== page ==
IMOCA’S MIXED CREWS IN THE TRANSAT JACQUES VABRE

IMOCA’S MIXED CREWS IN THE TRANSAT JACQUES VABRE

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IMOCA’S MIXED CREWS IN THE TRANSAT JACQUES VABRE SHOW THE WAY TO GENDER EQUALITY IN ELITE SPORT

The IMOCA Class has always welcomed male and female competitors, whether it be in the single-handed classics like the Vendée Globe and the Route du Rhum or double-handed races like the upcoming Transat Jacques Vabre.

The tradition of mixed crews in the Transat Jacques Vabre goes all the way back to 1999 when Catherine Chabaud and Luc Bartissol took part, alongside Ellen MacArthur and Yves Parlier. In the years since, IMOCA has consistently demonstrated that men and women can compete at the very top in short-handed offshore racing on an equal footing.

In this race the mixed crews are led by podium contenders Simon Fisher and Justine Mettraux on 11th Hour Racing Alaka’i. Alongside them on the start line will be Sam Davies and Nicolas Lunven on Initiatives-CoeurIsabelle Joschke and Fabien Delahaye on MACSFManuel Cousin and Alexia Barrier on Groupe SÉTIN-4myplanet and Louis Duc and Marie Tabarly on Kostum-Lantana Paysage.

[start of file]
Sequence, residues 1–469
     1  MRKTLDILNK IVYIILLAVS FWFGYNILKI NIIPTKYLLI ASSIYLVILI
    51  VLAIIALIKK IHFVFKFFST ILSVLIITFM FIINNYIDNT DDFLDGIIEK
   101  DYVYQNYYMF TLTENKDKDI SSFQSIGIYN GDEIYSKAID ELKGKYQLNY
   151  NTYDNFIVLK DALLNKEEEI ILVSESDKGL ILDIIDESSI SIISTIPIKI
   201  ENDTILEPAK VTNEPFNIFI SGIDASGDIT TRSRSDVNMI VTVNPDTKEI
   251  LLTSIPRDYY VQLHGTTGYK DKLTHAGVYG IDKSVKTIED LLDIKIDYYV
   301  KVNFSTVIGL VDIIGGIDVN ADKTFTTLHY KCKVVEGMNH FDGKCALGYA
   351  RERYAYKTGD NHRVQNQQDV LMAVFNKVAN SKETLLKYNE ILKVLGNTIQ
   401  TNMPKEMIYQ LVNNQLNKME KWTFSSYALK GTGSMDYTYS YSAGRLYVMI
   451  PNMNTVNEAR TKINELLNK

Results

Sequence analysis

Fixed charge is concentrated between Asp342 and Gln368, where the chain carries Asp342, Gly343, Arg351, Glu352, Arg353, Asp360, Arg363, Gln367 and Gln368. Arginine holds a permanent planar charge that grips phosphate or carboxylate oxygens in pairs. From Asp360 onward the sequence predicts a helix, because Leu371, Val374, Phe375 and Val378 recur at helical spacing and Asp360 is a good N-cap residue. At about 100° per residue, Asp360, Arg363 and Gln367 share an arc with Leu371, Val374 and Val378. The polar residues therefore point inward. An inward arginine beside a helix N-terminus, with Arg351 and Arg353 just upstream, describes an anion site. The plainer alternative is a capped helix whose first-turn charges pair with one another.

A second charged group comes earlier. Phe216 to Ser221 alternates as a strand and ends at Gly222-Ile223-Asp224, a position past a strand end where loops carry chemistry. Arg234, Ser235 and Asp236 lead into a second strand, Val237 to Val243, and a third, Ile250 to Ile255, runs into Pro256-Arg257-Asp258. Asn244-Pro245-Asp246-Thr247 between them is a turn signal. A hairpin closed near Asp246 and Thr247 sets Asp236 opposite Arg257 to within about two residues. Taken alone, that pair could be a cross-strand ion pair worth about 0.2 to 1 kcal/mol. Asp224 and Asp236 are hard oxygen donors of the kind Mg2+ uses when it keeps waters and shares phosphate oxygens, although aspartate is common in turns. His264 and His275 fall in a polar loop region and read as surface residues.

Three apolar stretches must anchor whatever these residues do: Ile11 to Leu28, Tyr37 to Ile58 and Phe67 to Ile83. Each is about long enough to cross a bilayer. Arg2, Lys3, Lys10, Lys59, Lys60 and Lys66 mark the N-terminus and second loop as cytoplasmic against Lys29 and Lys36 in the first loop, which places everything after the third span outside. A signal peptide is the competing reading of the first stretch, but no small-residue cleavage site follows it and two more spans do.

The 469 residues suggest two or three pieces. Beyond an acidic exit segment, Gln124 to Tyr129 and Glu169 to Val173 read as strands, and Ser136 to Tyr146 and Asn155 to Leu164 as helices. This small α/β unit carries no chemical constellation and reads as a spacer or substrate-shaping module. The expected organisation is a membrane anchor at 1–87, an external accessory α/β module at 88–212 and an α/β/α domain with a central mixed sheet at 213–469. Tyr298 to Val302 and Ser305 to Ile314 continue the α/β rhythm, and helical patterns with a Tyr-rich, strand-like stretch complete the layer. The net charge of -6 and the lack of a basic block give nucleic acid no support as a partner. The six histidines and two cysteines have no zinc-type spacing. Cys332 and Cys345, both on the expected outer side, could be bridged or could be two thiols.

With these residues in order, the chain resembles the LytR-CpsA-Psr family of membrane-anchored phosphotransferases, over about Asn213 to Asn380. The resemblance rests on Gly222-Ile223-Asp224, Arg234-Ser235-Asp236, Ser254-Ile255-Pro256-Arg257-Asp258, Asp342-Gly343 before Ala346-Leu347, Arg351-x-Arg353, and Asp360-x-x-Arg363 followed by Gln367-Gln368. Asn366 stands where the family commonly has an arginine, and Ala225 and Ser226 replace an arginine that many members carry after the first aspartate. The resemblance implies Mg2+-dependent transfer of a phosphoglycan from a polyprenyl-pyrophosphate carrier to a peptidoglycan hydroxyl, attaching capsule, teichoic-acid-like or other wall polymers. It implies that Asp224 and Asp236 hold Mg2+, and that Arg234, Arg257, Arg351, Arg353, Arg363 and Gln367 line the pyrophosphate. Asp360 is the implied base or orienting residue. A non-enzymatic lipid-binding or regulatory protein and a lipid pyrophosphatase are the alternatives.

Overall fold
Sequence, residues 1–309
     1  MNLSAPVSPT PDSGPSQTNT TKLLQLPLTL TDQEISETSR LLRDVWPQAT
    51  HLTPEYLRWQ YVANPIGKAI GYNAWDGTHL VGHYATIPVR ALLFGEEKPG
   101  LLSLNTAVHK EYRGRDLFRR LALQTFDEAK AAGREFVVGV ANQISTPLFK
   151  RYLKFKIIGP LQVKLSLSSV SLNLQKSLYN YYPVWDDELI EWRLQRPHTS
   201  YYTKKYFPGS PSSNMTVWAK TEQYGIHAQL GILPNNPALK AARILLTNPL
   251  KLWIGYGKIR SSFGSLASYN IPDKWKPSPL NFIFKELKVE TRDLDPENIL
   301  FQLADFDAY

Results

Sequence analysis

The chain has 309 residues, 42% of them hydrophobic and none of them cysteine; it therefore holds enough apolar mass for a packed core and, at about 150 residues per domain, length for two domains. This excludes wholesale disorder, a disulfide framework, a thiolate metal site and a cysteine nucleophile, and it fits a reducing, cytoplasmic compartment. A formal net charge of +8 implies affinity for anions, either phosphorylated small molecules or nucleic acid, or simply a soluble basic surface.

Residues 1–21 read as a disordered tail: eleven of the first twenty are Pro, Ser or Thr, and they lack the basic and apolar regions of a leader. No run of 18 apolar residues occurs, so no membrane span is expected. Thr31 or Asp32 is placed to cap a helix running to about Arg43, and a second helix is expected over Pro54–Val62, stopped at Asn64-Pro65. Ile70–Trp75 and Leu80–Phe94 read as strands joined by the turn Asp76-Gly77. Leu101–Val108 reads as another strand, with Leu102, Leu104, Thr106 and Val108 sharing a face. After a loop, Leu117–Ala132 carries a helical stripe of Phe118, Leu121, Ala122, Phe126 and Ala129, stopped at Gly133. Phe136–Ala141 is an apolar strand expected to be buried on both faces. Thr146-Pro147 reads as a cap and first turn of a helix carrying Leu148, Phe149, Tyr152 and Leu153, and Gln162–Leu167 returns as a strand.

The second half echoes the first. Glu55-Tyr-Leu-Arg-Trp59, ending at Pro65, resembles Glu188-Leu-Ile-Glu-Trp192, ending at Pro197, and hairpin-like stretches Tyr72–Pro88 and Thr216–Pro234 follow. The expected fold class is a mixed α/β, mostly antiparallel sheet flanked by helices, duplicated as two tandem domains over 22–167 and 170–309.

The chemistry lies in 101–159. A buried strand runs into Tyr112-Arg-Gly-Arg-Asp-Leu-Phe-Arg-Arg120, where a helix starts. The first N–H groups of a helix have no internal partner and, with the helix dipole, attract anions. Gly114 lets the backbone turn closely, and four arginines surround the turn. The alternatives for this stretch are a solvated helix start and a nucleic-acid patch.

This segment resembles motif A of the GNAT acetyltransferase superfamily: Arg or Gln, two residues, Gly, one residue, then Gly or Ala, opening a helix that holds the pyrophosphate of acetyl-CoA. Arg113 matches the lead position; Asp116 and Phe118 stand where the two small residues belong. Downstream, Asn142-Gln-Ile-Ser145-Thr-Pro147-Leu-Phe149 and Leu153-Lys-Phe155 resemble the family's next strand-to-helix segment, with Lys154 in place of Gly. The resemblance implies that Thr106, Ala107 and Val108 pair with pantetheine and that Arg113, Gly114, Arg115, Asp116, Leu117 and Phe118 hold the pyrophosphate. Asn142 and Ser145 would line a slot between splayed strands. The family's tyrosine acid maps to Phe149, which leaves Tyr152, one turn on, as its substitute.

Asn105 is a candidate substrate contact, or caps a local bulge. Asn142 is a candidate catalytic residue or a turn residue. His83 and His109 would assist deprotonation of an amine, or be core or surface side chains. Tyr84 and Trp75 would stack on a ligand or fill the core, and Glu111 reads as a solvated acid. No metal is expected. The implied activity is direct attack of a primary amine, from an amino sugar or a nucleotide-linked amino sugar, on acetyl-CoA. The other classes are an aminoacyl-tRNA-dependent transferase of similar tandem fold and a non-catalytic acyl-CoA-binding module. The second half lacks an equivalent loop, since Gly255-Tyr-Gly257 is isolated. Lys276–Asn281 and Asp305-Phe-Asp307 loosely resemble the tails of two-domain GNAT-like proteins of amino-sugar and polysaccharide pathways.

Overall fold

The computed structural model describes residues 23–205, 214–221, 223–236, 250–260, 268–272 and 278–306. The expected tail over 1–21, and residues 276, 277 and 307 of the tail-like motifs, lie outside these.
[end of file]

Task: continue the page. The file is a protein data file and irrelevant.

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The Class caught up with 41-year-old French sailor Barrier who is a fervent advocate of mixed crews at this level. The Vendée Globe veteran from Antibes, who is often to be seen on the dockside with her trusty labrador Nikka by her side (the dog has stayed in Antibes this time), says mixed crews are a “cool” option in ocean racing.

“That’s one reason why I like offshore racing because when you are a woman, you can compete with men and you can be equal with the men,” she said. “For me, it’s just normal to be around men in a racing environment and playing the same game as them and having the same chance to win.”

Barrier, who is hunting for a title sponsor to help her take part in the Vendée Globe in a foiling IMOCA in 2024, believes the Class is sending a powerful message. “I think it is normal to race together and it should be like that everywhere,” she explained. “In society today we have many challenges for women and I think this is a good example not only for sport and sailing, but for society globally as a way of promoting equality between the genders."

“So I am really proud to be maybe an example for some young girls or women who would like to achieve something,”she continued, “and maybe they think it is only for men, but when they see us – or sailors like Sam (Davies), Isa (Joschke) or Miranda (Merron) – they can see that it’s possible.”